Japan Struggles to Maintain Growth

A rapidly appreciating yen, combined with falling domestic prices, may prove to be the one-two punch that K.O.s any chance for Japan’s recovery to continue into the new year. This possibility was highlighted on Friday when the yen rose to a 14-year high against the dollar, even as the latest Consumer Price Index numbers verified that Japan’s domestic prices fell for the eighth straight month.

The threat of a surging yen, and the dampening effect this could have on Japan’s critical exports, was not lost on Deputy Prime Minister Naoto Kan who earlier today said, “During the cabinet meeting there was talk that the recent strong yen will put downward pressure on the economy. I will take necessary steps to prevent the economy from hitting a second bottom.”

For many observers however, what we are witnessing in Japan today is actually a repeat of history, and it was twenty years ago that Japan entered into what many still refer to as the “lost decade”. This difficult period in Japan’s economic history could provide some valuable lessons for decision makers in Japan today as authorities work to avoid falling back into recession.

Japan and the Lost Decade

During the 1980s, Japan entered into a period of rapid growth due largely to increased demand for its goods. It was around this time that the phrase “Made in Japan” shed its negative connotations derived from Japan’s early attempts to mass-produce consumer goods, becoming instead a statement synonymous with leading-edge technology and overall high quality. One unintended side-effect of this tremendous growth however, was a growing wave of speculation that led to an unprecedented appreciation in many assets including land values in a country where land was already at a premium.

By 1989, the Japanese government realized that asset valuations were entirely out of control and were on the verge of becoming an unsustainable bubble. Interest rates were quickly raised in a bid to cool down the economy, and while this did accomplish the goal of deflating the asset bubble, the sudden devaluation led to a banking crisis as many financial institutions found themselves holding loans and assets now worth a fraction of their original book price. Direct government intervention was required to prop up the now infamous “zombie banks”, throwing the entire banking system into turmoil.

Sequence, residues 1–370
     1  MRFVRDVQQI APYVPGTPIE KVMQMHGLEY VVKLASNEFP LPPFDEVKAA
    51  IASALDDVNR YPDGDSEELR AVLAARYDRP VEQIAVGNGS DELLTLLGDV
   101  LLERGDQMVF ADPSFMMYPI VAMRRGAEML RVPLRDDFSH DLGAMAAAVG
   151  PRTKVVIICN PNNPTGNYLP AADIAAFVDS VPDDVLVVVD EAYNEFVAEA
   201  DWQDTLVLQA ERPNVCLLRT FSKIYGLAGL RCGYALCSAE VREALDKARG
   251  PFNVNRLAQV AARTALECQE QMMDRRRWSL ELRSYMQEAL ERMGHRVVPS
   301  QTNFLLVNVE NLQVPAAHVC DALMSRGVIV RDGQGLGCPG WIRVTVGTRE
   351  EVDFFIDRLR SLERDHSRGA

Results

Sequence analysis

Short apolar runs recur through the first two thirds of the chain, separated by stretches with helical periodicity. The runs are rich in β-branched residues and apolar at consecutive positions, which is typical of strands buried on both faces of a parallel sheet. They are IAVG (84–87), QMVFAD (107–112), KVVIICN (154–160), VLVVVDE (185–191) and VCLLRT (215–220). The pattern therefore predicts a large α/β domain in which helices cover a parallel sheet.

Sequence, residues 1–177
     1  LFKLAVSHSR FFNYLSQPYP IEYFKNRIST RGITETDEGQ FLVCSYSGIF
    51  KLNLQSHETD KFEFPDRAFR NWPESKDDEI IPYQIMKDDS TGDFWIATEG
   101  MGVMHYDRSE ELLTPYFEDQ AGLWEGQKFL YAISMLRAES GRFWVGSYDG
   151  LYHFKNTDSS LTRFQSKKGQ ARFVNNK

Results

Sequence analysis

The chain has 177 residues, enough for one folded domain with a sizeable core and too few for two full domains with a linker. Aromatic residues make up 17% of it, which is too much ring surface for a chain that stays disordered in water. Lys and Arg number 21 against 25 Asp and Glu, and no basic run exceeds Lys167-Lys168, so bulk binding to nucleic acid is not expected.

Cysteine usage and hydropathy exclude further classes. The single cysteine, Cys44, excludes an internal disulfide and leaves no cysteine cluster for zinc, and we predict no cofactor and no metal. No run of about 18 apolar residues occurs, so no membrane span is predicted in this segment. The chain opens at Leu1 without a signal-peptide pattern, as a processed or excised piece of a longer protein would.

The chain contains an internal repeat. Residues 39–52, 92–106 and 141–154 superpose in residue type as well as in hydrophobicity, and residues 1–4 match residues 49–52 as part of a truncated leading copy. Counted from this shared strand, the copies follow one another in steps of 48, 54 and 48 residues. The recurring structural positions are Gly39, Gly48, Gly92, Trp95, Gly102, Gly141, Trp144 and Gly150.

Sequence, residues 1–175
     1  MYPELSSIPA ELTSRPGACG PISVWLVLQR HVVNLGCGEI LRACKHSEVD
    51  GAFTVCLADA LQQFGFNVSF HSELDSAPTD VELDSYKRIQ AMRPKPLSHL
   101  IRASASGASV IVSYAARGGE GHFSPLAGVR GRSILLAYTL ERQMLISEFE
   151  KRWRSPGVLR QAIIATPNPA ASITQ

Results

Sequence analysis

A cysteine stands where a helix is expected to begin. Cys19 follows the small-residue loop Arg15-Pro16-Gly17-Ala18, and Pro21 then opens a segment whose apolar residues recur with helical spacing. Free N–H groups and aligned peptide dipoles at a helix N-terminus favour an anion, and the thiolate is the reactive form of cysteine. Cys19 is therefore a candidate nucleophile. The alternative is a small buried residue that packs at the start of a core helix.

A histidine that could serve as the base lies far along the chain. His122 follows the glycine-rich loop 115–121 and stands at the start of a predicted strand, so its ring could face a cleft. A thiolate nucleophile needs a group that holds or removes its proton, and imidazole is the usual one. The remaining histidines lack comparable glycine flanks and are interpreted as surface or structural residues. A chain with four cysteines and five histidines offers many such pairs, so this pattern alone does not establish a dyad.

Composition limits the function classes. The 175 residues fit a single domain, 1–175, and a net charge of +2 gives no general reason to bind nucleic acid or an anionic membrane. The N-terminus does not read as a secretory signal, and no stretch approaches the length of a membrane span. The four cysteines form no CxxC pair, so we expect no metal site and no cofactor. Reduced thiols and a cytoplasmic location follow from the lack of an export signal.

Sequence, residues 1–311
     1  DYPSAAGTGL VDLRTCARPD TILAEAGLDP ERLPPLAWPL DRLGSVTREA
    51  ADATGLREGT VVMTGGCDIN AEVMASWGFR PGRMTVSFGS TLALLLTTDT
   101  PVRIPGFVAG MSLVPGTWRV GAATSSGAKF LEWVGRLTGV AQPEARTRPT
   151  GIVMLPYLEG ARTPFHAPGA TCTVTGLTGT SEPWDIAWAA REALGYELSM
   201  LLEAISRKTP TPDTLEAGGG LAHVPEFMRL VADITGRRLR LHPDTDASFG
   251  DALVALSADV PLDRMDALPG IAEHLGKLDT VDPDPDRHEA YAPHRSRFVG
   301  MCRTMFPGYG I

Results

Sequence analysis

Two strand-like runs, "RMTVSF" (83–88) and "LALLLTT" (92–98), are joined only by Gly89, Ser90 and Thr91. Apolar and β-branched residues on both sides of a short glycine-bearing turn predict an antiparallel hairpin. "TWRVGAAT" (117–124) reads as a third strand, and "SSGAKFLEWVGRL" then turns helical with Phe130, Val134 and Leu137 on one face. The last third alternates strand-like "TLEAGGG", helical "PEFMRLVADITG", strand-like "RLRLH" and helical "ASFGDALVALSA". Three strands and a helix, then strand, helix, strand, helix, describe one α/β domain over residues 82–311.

To counter the sudden deflation, the Bank of Japan quickly reversed its interest rate policy and implemented a series of interest rate reductions. In short order, the benchmark lending rate was down to less than one percent where it has remained – more or less – ever since. Even today, Japan’s rate remains “zero bound” at 0.1 percent, and despite doing everything possible from an interest rate standpoint, prices in Japan continue to fall and the threat of deflation remains a prime concern for the government.

How Falling Prices Leads to Deflation

Everyone loves a sale; however, when falling prices become a long-tem trend within an economy, the path leads inevitably to deflation. This is because lower prices for consumer goods reduce corporate profits which – over time – forces companies to limit salary increases or even reduce the workforce. Obviously, this means consumers have less money to spend and the reduction in spending only compounds the deflation problem, and it is this deflation trap that now threatens to ensnare the Japanese economy.

Appreciating Yen Hurts Exports

In addition to potential deflation woes, Japan is also facing an exchange rate crisis that threatens to further weaken the competitiveness of its exports. Because the US is the largest market – and because other markets also tend to pay in US dollars – any appreciation of the yen against the US dollar makes Japan’s products more expensive than similar goods from other exporting countries such as China and Korea. In recent years, these two countries in particular have muscled in on the automotive and electronics industries that until recently, have been most closely associated with Japan.

The recent experiences of Toyota Motors exemplifies the dilemma facing many of Japan’s largest companies that rely on export sales to maintain their profits. Toyota has long had a stellar reputation for building quality products and even replaced General Motors as the largest manufacturer of automobiles in the world in 2007.

The global financial crisis soon took the shine off Toyota’s impressive accomplishment however, and despite continuing to lead in overall sales, the storied car-builder recorded its first operational loss in its 70-year history in 2008. Much of this loss was due to lower demand for new cars during the recession, but part of the loss can also be traced to a stronger yen.

For 2009, Toyota lowered its outlook for the dollar / yen exchange rate to 90 yen to the US dollar. Based on this assumption, Toyota said its operating loss for the fiscal year will be 350 billion yen (US$4.03 billion); however, each time the rate drops one point per dollar, Toyota’s operating profit falls an additional 348.5 million yen (UD$4.02 million). At today’s rate of roughly 86 yen to the dollar, Toyota clearly needs to adjust its original profit estimate downward to take into account the widening gap between the yen and the dollar.

Outlook for Yen

On Friday, Japan’s currency rose to a 14-year high against the greenback, briefly touching 84.41 yen to the dollar before falling back to the mid-86 range. However, analysts project that by the end of the first quarter of 2010, the yen could strengthen to 83 yen to the dollar, putting even more downward pressure on Japan’s exports.

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